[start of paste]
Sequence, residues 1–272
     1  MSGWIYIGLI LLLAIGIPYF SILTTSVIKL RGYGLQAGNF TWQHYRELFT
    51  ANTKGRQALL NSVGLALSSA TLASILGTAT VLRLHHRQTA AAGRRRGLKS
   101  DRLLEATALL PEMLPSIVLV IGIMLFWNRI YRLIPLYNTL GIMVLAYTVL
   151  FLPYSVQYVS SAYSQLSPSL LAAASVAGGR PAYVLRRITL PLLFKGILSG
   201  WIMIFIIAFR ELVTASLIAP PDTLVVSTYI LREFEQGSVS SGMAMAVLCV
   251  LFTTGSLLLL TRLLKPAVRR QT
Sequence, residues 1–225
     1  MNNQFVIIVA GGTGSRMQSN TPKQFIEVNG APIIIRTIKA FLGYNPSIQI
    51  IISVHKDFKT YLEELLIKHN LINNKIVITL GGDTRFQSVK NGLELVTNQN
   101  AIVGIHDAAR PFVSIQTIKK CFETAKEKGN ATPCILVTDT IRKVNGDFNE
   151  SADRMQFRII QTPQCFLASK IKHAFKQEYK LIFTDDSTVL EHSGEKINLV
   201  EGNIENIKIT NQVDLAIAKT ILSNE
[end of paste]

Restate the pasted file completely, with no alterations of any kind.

Sequence, residues 1–272
     1  MSGWIYIGLI LLLAIGIPYF SILTTSVIKL RGYGLQAGNF TWQHYRELFT
    51  ANTKGRQALL NSVGLALSSA TLASILGTAT VLRLHHRQTA AAGRRRGLKS
   101  DRLLEATALL PEMLPSIVLV IGIMLFWNRI YRLIPLYNTL GIMVLAYTVL
   151  FLPYSVQYVS SAYSQLSPSL LAAASVAGGR PAYVLRRITL PLLFKGILSG
   201  WIMIFIIAFR ELVTASLIAP PDTLVVSTYI LREFEQGSVS SGMAMAVLCV
   251  LFTTGSLLLL TRLLKPAVRR QT
Sequence, residues 1–225
     1  MNNQFVIIVA GGTGSRMQSN TPKQFIEVNG APIIIRTIKA FLGYNPSIQI
    51  IISVHKDFKT YLEELLIKHN LINNKIVITL GGDTRFQSVK NGLELVTNQN
   101  AIVGIHDAAR PFVSIQTIKK CFETAKEKGN ATPCILVTDT IRKVNGDFNE
   151  SADRMQFRII QTPQCFLASK IKHAFKQEYK LIFTDDSTVL EHSGEKINLV
   201  EGNIENIKIT NQVDLAIAKT ILSNE